Our readings this weekend reveal to us the motive behind these two missions of the Son and the Holy Spirit. In our first reading, God commands Moses to go up Mount Sinai with two blank stone tablets. Moses had destroyed the first two tablets when he came down the mountain and saw the people worshiping the golden calf. As a punishment for this grave sin of idolatry, God told Moses to take the people and leave Mount Sinai. He would send an angel with them as they journeyed to the Promised Land, but He Himself would not go with them (Ex. 33:1-3). Moses pleaded with the Lord, reminding Him that it was precisely His presence among them that made them distinct from all the other people on the face of the earth (Ex. 33:16). We hear Moses reiterating this plea with the Lord at the end of our first reading: “If I find favor with you, O Lord, do come along in our company. This is indeed a stiff-necked people; yet pardon our wickedness and sins, and receive us as your own” (Ex. 34:9). Because the Lord loves His people, because He is “a merciful and gracious God, slow to anger and rich in kindness and fidelity” (Ex. 34:6), He goes with them on their journey, not depriving them of His presence.
God’s desire to be with His people which is prefigured in our first reading is brought to fulfillment in the New Testament. It says in our first reading that the Lord “stood” with Moses. It also says that the Lord came down upon the mountain in a cloud. We see something remarkably similar in the Transfiguration: Peter, James, and John see Jesus standing on the mountain with Moses (and Elijah). They also see a cloud, and a voice coming from it. Despite our stubbornness, despite our wickedness and sins, God still wants to be with us. He loves us, and He wants to be with us in a fully human way. And so He sends His Son: “God so loved the world that he gave his only Son” (Jn. 3:16). Then, order that might still be able to encounter Jesus through His Church, even after Jesus ascended into heaven, the Father and the Son sent the Holy Spirit.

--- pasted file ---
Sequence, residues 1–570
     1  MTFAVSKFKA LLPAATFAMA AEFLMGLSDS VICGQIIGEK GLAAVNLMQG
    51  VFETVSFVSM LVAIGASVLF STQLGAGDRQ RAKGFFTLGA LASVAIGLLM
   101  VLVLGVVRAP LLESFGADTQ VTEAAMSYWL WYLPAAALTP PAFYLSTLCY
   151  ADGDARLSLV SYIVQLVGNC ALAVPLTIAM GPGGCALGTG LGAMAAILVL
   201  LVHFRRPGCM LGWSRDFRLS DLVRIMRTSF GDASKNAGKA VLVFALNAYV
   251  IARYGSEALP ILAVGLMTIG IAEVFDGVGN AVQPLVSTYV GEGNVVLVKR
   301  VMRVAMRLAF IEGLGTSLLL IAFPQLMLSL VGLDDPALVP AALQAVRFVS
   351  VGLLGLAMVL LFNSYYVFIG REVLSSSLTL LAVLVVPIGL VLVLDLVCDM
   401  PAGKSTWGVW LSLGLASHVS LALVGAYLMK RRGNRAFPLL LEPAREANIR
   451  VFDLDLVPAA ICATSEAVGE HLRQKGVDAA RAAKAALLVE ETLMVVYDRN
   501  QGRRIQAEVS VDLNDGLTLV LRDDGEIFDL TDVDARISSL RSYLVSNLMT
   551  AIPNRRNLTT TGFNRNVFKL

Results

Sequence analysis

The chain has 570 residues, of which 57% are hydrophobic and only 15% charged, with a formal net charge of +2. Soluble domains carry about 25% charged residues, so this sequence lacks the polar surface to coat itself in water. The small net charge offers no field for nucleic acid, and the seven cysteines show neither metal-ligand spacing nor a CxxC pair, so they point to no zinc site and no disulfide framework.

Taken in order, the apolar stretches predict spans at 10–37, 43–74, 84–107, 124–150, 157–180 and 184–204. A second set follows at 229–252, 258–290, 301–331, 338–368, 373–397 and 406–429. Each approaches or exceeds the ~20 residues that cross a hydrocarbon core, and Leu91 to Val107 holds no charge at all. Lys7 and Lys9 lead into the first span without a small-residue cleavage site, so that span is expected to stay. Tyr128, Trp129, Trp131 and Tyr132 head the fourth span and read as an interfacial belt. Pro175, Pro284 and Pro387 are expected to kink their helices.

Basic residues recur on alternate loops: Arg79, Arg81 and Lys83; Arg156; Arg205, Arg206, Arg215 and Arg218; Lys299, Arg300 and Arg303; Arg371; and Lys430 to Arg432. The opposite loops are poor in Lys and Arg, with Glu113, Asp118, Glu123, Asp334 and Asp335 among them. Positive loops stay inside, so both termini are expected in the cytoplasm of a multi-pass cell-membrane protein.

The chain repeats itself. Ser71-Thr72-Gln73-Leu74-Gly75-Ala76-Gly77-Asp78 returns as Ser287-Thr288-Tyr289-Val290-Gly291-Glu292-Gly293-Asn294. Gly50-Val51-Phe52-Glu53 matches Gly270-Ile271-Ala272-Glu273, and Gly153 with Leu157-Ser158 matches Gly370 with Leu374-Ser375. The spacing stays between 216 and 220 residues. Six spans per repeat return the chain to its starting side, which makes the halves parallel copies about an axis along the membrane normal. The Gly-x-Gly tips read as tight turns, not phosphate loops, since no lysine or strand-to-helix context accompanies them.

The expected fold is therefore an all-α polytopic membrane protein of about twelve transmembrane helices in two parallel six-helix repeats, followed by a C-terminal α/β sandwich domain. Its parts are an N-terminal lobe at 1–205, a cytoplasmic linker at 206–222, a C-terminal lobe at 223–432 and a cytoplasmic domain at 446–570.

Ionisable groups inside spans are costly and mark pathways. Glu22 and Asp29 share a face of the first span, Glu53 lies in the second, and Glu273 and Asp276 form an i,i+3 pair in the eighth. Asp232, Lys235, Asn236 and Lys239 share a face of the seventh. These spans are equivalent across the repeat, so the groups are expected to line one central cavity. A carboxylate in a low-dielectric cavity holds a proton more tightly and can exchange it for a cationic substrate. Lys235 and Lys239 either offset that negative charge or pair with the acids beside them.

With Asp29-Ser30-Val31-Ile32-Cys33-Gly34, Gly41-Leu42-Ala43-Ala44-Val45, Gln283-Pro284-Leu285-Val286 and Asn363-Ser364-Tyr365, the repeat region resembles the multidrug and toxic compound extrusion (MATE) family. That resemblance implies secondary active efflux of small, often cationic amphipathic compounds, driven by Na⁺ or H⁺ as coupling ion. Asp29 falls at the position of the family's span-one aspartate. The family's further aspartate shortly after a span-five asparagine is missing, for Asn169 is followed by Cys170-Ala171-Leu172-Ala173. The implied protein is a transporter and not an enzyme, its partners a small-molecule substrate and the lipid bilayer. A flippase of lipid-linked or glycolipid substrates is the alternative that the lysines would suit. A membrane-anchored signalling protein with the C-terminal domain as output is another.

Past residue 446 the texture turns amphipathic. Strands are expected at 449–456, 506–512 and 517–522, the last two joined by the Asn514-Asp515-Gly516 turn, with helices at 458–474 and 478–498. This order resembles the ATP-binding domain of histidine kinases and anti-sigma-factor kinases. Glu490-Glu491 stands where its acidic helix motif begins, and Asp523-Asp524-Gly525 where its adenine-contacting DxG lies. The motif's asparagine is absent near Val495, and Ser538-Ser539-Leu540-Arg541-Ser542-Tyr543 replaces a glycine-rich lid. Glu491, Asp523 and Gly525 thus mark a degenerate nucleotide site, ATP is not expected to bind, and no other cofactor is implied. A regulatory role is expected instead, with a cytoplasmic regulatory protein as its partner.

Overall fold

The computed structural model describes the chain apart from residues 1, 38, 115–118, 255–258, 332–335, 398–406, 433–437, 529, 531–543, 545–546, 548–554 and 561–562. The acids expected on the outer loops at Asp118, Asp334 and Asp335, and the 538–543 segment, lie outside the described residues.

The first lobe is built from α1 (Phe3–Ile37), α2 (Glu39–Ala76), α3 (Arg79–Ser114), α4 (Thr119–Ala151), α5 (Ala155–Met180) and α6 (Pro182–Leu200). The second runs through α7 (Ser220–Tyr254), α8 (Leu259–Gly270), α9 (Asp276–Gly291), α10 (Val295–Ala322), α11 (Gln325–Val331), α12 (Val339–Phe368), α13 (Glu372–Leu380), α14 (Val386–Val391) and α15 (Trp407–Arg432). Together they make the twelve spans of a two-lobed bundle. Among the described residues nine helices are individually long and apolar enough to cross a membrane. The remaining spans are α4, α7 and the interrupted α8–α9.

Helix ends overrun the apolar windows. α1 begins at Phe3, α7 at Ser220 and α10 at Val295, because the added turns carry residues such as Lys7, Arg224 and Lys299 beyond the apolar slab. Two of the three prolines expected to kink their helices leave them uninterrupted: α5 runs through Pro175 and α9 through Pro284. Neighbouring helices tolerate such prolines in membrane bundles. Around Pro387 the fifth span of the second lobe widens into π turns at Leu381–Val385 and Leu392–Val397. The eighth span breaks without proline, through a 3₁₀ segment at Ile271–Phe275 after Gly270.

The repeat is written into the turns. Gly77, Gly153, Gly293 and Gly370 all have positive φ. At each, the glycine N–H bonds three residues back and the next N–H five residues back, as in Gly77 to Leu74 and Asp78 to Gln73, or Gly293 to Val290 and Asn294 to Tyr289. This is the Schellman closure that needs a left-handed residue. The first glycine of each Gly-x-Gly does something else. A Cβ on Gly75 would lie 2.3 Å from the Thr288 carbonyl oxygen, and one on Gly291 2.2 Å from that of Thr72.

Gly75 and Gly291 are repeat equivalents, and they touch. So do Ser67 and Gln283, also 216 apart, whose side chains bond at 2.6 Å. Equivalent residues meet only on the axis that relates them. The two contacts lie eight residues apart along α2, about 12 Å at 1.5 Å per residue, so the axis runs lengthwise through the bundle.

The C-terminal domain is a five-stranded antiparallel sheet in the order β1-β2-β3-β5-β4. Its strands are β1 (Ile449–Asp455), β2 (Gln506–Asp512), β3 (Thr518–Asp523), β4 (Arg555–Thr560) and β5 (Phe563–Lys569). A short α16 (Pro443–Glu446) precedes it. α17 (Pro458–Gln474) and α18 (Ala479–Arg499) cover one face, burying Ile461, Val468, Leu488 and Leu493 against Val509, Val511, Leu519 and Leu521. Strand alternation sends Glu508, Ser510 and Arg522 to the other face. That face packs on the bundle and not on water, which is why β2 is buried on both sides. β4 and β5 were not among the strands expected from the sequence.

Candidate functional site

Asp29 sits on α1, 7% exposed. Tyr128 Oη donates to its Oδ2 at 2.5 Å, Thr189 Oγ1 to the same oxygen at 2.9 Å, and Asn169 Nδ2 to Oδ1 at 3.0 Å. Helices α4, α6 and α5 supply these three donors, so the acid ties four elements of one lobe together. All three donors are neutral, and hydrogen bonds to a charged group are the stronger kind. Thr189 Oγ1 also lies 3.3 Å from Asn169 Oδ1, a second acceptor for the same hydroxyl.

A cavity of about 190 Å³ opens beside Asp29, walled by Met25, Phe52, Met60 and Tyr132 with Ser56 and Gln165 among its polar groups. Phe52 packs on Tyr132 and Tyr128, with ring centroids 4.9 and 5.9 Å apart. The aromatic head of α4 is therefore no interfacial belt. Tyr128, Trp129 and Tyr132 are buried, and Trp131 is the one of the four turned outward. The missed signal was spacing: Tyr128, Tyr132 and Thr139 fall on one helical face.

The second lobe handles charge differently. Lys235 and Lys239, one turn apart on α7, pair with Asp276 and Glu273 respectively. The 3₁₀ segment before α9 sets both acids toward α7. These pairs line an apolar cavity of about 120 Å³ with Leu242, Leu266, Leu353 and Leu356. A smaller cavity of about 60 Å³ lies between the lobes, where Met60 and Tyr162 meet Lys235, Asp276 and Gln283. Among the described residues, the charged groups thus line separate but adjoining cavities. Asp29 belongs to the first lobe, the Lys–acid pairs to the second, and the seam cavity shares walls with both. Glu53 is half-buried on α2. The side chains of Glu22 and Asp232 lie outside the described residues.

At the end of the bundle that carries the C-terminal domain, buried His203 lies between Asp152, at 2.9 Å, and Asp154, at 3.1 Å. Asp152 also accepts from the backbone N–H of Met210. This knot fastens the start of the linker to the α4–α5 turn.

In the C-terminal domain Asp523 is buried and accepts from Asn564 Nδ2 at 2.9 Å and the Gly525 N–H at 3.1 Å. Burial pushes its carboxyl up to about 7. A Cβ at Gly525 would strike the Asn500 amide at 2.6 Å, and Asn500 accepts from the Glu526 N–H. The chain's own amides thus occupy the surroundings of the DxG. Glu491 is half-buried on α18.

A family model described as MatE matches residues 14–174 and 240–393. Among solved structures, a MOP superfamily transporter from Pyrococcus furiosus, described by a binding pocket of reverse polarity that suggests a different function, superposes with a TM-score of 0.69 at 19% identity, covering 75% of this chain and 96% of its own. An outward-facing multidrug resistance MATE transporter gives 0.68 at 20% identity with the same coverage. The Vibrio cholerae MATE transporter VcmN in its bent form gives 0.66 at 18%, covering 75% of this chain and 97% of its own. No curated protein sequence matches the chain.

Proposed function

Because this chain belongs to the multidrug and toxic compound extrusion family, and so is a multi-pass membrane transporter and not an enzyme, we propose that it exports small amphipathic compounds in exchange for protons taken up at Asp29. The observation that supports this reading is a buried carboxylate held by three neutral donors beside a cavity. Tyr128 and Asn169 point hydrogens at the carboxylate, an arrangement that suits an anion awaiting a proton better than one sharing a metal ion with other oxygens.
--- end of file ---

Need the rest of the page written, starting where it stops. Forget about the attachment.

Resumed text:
God is love. And He is not content to love us at a distance. In both the Old and New Testaments, it’s clear that God wants to be with His people. And He wants to be with us so that we can encounter Him in a fully human way and enter into a saving relationship with Him. This is the Triune God whom we celebrate this weekend. And if we are made in the image of that Triune God, then it follows that how God loves us is the measure of how we ought to love one another.
This has a lot of practical implications for us today. If God calls us to love our neighbor, then He calls us to love our neighbor in a fully human way: not at a distance, but up close and personal. If God calls us to love the poor, He wants us to share a meal with a poor person. If God calls us to love our enemy, He wants to sit down and have a civil conversation with them. Before the advent of radio, television, and now the internet, the only way to encounter someone was in person. Because we encounter more people now on a daily basis through digital mediums than we do in person, we have been trained to treat people first and foremost as digital objects rather than as personal subjects. This has to change if we want to love our neighbor as God loves us. Our goal as Christians should be to maximize personal encounters with people. That way, when we do encounter people through digital mediums, we will remember that they are subjects with God-given dignity, rather than objects for us to use as we please.
And so you see, the Mystery of the Trinity, which may seem terribly abstract to us, is actually incredibly practical and concrete. Our Triune God is revealed to us as a God who loves, not at a distance, but up close and personal. He wants to see us, to hear our voice, and to reach out His hand to us in tenderness and compassion. To truly believe in this Triune God in whose image we are created is to seek to do the same. Amen.